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World Diabetes Day marked by call for international action

BY Drew Buono

NEW YORK Today marks the inaugural United Nations World Diabetes Day, organized by the International Diabetes Federation and the World Health Organization. As part of the new global movement towards diabetes care and prevention, the Global Partnership for Effective Diabetes Management, a taskforce of international diabetes experts committed to treating Type 2 diabetes, has issued a new publication titled: U.N. Resolution on Diabetes—“Time to put fine words into action”. In the publication, the partnership urges national governments, the general population and the global diabetes community to take action and share the responsibility in the global fight against diabetes.

The major concern for the United Nations as well as the global partnership is the staggering amount of people diagnosed with diabetes around the world and the number that expects predict it will rise to by 2025.

Worldwide, diabetes currently affects 246 million people. By 2025, it is expected to affect almost 400 million and the WHO estimates increases in diabetes rates will occur in developing countries because of population growth, ageing, unhealthy diets, obesity and sedentary lifestyles. Further, WHO estimates that in 2025, most people with diabetes in developed countries will be aged 65 years or older, while in developing countries most people aged 35 to 64 will be affected in their most productive years. The IDF predicts that in this same time frame, the largest prevalence of diabetes will be in developing countries.

The global partnership has provided some actions to be taken in order to increase diabetes awareness and care around the globe: diabetes should be prioritized as a public health initiative. Collaborative efforts between global and regional diabetes associations and governments enable improved, earlier and more intensive diabetes care with improved outcomes. Non-governmental organizations can be an important third pillar supporting the foundation for a change in diabetes care.

The new publication appears in the December issue of the International Journal of Clinical Practice and is currently available online at the journal’s Web site at www.blackwell-synergy.com.

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Pharmaca opens 18th store in California

BY Doug Desjardins

LOS GATOS, Calif. Independent pharmacy chain Pharmaca opened its 18th store on Nov. 10 in the city of Los Gatos, Calif. “We’re excited to extend our refreshingly customer-focused approach to health care to the Los Gatos community,” said Pharmaca co-founder Barry Perzow.

The Boulder, Colorado-based chain, which specializes in blending traditional pharmacy with herbal and alternative medicines, now has seven stores in the Bay Area.

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Retailers looking to biometric identity systems to increase efficiency at the register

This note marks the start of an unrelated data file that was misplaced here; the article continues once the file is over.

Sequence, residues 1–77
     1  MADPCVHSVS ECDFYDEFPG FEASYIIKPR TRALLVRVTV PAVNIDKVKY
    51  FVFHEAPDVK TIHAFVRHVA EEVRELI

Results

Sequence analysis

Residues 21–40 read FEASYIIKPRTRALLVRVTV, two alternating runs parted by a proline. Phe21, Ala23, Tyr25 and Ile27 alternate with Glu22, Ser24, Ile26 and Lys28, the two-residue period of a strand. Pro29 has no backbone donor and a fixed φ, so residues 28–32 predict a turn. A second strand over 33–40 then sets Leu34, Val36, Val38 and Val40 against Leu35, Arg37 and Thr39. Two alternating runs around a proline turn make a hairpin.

BY Drew Buono

FORT WAYNE, Ind. Retailers are looking for ways to speed up the movement of lines at their stores and to increase safety involving customer’s financial records. As a result, the companies are looking at biometric identity authentication systems as a way to increase customer satisfaction, according to journalgazette.net.

A couple of these systems rely on fingerprint identification wherein the consumer allows a scanned image to be taken of his index finger, which is then converted into a mathematical formula. Whenever the person’s fingerprint is scanned at a store, a match can be made between the latest scan and the mathematically coded “image” on file. The consumer then can specify the financial account to which the purchase should be charged.

These systems allow the consumer to create and access a virtual wallet containing electronic versions of credit cards, a driver’s license, checks and other documents that cannot be stolen. Moreover, a person’s age can be verified to ensure that only those customers meeting age requirements have legal access to alcohol and tobacco.

It has been estimated that 64 seconds are needed to complete the average retail transaction using a bank check and 48 seconds using a credit card. A fingerprint scanning system allows the same transaction to be completed in only 14 seconds.

Fingerprint scans are only one type of biometric system in commercial use. Some retailers and ATM systems have introduced devices that scan the consumer’s iris to make a positive identification by matching it with a previously stored image. Other systems use voice recognition software to authenticate identity.

It’s estimated that 3.5 million consumers already use biometric systems from the company Pay By Touch at more than 3,000 retail outlets, including Jewel-Osco and Albertson’s, according to journalgazette.

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